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October 1982, Volume 32, Issue 10

Original Article

Non-Hodgkin's Lymphoma of Bone Marrow - An Unusual Presentation

Khalid Hassan  ( Al-Nasser Polyclinic, Tabuk, Saudi Arabia. )
Abdnl Hannan Nagi  ( Allama Iqbal Medical College, Lahore. )
Abdul Hayee  ( K.E. Medical College, Lahore. )

Abstract

A clinico-morphological study of twelve patients of non-Hodgkin\'s lymphomas, diagnosed on bone marrow biopsy, is presented. They manifested with pyrexia of uncertain origin and/or unexplainable anaemia. These patients did not show any superficial lymphadenopa-thy, mediastinal lymph node enlargement or a specific mass in the abdomen. Eleven patients showed enlargement of the liver, whereas, eleven manifested with splenomegaly. Bone marrow aspirate and trephine biopsy performed as an investigational procedure, lead to a diagnosis of non-Hodgkin\'s lymphoma. According to the classification by W.H.O. (I978), six of them showed diffuse lymphoblastic lymphosarcoma, whereas, in the remaining six patients, the histological type was diffuse lymphocytic lymphosarcoma (JPMA 32:230, 1982).

Introduction

The commonest early manifestation of malignant lymphomas is the enlargement of a single superficial lymph node or a lymph node group, in an otherwise asymptomatic patient (Rappaport, 1966; Freeman et al., 1972; Jones et al., 1973; Rosen et al., 1977). A variable number of patients show a mediastinal lymph node enlargement (Bharat et al., 1976; Rosen et al., 1977). In some instances, the patients of non-Hodgkin\'s lymphomas may present with an extranodal involvement (Rappaport, 1966; Hellman et al., 1975). Different primary extranodal sites are skin, testis, pharynx, gastro-intestinal tract, salivary glands, breast, bones and spleen (Abell and Holtz, 1968; Parkhill, 1968; Nobrega and Harrison, 1973; Al-Salecm and Blady, 1970; Hamlin et al., 1972; Kim and Dorfman, 1974; Edelsen and Aftab, 1975; Hellman et al., 1975; Nordqvist and Kinney, 1976; Wolley and Canellas, 1976). In some patients, bone marrow involvement by non-Hodgkin\'s lymphoma may be encountered in biopsies performed as a part of diagnostic evaluation for abnormal peripheral blood parameters, fever of undetermined aetiology or unexplained organomegaly (Brunning et al., 1975).
Diagnosis of lymphomatous infiltration of the bone marrow cannot be based upon the examination of smears alone. It should be correlated with the findings in bone marrow clot (Liao, 1971) and histological examination of trephine sections (Kaplan, 1968; Jones, 1972; Goffinet, 1973). According to a number of reports (Jones et al., 1972; Jones et al., 1973; Goffinet and Kaplan, 1973; Brunning et al., 1975; Stein et al.,\' 1976; Castellani and Rilke, 1977), the bone marrow trephine biopsy is superior to bone marrow smears and sections of the clot.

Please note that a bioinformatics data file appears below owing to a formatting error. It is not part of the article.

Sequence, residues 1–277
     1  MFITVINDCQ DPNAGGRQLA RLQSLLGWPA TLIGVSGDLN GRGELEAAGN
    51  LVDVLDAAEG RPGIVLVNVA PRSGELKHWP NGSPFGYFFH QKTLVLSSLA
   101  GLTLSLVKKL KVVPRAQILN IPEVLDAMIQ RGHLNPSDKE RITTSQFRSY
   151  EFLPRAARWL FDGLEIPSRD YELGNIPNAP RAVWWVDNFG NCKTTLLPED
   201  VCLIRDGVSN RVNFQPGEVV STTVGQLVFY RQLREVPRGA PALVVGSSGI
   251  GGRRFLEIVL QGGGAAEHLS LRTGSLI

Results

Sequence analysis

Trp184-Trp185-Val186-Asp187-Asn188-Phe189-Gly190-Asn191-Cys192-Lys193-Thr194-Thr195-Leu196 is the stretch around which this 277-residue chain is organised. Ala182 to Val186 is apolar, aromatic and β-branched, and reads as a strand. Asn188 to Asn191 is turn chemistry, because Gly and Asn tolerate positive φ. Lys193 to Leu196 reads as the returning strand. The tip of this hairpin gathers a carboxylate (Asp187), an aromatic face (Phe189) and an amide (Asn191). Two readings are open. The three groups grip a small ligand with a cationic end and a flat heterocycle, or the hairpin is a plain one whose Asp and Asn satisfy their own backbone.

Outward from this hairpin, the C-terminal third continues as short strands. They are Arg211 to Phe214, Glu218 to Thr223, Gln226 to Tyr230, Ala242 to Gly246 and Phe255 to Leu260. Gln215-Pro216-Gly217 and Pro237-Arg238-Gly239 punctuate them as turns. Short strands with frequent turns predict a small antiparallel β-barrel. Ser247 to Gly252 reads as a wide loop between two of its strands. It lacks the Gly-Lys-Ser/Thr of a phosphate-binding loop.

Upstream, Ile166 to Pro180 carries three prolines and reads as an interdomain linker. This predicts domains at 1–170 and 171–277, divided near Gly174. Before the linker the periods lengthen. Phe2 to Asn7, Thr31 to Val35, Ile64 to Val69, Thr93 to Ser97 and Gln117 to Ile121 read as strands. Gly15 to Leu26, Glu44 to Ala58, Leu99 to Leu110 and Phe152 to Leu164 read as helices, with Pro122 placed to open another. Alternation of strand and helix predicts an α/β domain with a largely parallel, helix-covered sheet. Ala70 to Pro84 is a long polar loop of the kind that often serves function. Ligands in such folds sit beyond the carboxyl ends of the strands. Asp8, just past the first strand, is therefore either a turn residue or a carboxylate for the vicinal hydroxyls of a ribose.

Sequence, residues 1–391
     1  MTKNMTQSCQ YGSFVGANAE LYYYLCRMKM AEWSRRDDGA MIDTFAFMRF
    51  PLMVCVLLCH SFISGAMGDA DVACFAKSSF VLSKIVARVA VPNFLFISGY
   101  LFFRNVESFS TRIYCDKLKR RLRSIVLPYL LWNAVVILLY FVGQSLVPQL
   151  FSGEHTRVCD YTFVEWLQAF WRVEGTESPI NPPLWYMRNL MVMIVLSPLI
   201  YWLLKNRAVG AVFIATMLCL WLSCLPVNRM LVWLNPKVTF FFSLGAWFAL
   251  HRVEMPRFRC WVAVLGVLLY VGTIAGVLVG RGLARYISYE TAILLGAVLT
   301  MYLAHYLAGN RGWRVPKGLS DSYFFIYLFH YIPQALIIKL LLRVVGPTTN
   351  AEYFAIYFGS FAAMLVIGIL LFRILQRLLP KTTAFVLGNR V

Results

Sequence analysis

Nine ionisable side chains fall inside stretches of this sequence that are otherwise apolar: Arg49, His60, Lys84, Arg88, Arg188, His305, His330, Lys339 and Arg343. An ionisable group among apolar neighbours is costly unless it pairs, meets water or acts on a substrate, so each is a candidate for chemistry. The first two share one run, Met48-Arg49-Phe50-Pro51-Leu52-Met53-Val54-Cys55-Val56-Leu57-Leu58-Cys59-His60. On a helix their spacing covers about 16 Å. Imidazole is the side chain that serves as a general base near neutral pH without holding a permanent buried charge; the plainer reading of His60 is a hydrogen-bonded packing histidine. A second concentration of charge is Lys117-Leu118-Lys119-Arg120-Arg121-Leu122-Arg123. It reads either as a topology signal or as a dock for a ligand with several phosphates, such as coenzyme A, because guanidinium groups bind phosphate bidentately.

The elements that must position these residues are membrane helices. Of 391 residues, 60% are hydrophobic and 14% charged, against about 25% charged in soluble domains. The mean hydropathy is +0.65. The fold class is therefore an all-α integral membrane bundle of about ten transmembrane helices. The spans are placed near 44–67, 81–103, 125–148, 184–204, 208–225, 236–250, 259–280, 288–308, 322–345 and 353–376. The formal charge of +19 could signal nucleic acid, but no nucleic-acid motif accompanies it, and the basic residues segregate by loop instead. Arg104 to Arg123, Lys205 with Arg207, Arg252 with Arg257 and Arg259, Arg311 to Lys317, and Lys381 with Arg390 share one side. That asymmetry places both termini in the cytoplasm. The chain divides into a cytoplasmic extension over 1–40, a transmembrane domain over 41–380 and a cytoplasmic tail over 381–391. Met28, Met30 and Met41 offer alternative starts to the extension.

Poorly differentiated lymphocytic lymphoma has been observed to be the commonest varicty of lymphoma (Jones et ai., 1973; Mckenna et al., 1975; Lotz et al., 1976; Reddy et al., 1977; Stein et al., 1976; Castellani and Rilke, 1977). Well differentiated lymphocytic lymphoma is relatively less common (Stein et al., 1976; Castellani and Rilke, 1977).

Material and Methods

Patients: Twelve patients were included in this study. They presented with pyrexia of uncertain origin and/or unexplainable anaemia, but did not manifest superficial, mediastinal or palpable abdominal lymph node enlargement.
Investigations: Patients were subjected to the following panel of investigations.
Peripheral Blood Examination
1. Haemoglobin estimation by cyanmetha-emoglobin method.
2. Erythrocyte   sedimentation   rate   by Westergren\'s method.
3. White cell count.
4. Platelet count.
5. Reticulocyte count.
6. Differential leucocyte count.
7. Direct coomb\'s test.
Bone Marrow Aspiration
Bone marrow aspirate was obtained from posterior part of iliac crest, using Saleh\'s bone marrow aspiration needle. The smears were stained with May-Grunwald-Giemsa stain. The remaining aspirate was allowed to clot, and fixed in formal saline for 18-24 hours. The marrow was processed through ascending grades of acetone, cleared in xylene and embedded in molten, paraffin wax. Blocks were made, and 3-4 micron thick sections were cut. They were stained with Haemotoxylin and eosin stains.
Bone Marrow Trephine Biopsy
Bone marrow trephine biopsy was obtained, using Gardner\'s trephine biopsy needle. It was fixed in formal-saline and decalcified in 8% nitric acid. After processing through acetone, xylene and molten paraffin wax, multiple 3-4 micron thick sections were cut, and stained with Haemotoxylin and eosin stains.
Histological diagnosis of non-Hodgkin\'s lymphoma was based upon correlation between marrow smears, and sections of clots and trephines. Leukemias were excluded by performing peripheral blood picture. Classification of non-Hodgkin\'s lymphomas by W.H.O. (1978) was followed for histological purpose.

Results

Age and Sex: Ten patients were between 32 and 65 years of age, whereas, the remaining two were 21 and 22 years. Six of these 12 patients were between 32 and 45 years of age. Ten patients were males and two females, with a male: female ratio of 5:1 (Table I).


Clinical Features: Majority of the patients (75%), presented with the symptoms of 6-8 months duration. The remaining 25% showed longer duration of symptoms (1-2 years).
Ten patients presented with pyrexia of uncertain origin and symptoms of anaemia, whereas, the remaining two patients mainly showed symptoms of anaemia along with constitutional symptoms other than pyrexia (anorexia, weight loss, fatigue and night sweats). "B symptoms" according to Ann-Arbor staging classification of lymphomas, (fever and/or night sweats and/or weight loss) were observed in all the patients. Pallor, easy fatiguability, and weakness were invariably present. Eleven patients showed a notable degree of weight loss. Other prominent symptoms included exertional dyspnoea (7 patients), and palpitations (6 patients). Pruritus was not observed in any patient.